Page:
Who’s on the throne of the local Church- the princes of profit, or the prophetic Serving King?
For more than the first half of the last century the overwhelming challenge for the church came from those Bible and Seminary teachers who championed a liberal perspective of the Scriptures. Truths such as the virgin birth of Christ and the infallibility of the Scriptures were not only questioned but often times derided and rejected as foolish by the very people who should have been championing God’s supernatural power interacting with our natural limitations. That battle has largely been won by those who believe the Bible as being completely true and completely inspired by the word of God. It is interesting that certain groups such as some Anglicans in the UK and some Episcopalians in the US who have theologically embraced liberal moral standards due to a liberal interpretation of the Scriptures have themselves been recently derided and rejected by their African counterparts within their respective denominations.
This battle is well addressed by Pastor Mark Hoffman in his book “On Earth, as it is in Heaven”. One particular chapter is aptly titled “the battle for the soul of the church”. In the final section for Pastors and leaders Mark concludes with the argument that the huge battle we currently face is the tension between churches and leaders who are Kingdom led and inspired versus those who are church growth led and inspired. The former group places a much higher priority and dependency on prayer, worship, and God’s voice, and power where as the latter group is more focused on prevailing methodology based on what ‘seems to be working’ in today’s culture. No matter how learned we may be it seems that each leader needs a personal revelation that they cannot face today’s giants while wearing another king’s armor.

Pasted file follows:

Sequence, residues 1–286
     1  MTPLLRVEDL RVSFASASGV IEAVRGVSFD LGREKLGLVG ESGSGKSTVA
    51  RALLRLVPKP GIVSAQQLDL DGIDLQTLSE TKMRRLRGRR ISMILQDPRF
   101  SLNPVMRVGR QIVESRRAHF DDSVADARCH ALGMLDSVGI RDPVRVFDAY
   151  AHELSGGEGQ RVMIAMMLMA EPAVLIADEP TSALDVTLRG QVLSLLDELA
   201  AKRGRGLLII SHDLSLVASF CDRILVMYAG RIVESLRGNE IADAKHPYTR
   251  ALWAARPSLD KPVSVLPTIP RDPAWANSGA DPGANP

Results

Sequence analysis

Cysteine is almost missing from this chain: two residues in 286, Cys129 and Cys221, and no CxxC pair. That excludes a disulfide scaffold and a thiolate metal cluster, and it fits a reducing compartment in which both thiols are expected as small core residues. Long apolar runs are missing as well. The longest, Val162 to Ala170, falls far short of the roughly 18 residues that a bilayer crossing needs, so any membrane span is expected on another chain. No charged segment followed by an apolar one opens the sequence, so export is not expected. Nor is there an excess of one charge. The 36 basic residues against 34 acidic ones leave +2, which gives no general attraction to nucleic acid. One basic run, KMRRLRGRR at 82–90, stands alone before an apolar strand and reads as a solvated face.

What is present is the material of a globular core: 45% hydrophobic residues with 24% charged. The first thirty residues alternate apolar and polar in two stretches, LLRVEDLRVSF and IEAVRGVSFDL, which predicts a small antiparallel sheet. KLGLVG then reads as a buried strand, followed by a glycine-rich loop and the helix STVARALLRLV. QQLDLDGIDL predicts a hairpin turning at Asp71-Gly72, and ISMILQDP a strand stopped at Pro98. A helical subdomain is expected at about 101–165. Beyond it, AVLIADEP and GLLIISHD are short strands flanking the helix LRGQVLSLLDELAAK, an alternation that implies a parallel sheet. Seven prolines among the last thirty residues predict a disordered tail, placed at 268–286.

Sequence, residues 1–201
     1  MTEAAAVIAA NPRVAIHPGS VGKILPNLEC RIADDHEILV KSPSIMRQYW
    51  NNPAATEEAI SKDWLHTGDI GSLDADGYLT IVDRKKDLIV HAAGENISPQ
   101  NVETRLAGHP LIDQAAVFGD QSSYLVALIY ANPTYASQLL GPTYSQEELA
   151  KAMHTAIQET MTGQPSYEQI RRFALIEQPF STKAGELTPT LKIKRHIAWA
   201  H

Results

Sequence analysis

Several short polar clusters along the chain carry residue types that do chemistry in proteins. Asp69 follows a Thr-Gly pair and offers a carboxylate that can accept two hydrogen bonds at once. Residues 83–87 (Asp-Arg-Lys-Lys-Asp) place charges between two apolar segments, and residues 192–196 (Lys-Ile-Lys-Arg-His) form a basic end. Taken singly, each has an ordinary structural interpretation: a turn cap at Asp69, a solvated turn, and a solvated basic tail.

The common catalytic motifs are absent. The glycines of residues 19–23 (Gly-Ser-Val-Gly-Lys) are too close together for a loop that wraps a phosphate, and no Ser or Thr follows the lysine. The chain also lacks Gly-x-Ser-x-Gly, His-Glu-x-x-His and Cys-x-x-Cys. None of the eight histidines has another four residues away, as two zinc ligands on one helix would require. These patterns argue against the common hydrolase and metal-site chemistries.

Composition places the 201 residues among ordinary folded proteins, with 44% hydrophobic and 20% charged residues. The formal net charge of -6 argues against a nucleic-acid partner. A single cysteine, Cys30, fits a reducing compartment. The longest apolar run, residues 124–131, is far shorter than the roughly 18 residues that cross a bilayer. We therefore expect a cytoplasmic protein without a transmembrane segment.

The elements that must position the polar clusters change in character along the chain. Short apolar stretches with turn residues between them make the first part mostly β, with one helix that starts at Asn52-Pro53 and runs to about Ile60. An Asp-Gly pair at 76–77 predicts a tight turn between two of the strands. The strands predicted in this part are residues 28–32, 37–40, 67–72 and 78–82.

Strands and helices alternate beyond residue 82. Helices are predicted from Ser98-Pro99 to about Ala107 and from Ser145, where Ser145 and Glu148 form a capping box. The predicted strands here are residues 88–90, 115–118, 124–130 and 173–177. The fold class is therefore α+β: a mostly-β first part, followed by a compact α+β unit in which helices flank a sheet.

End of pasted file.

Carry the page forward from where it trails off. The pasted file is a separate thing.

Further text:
Mark Hoffman describes the battle for the soul of the church and the mindset of many leaders today quite powerfully. What I would like to briefly address is the battle for the heart of many leaders today. It is the heart that leads to the mindset, which, in turn, leads to the values and practices of the church.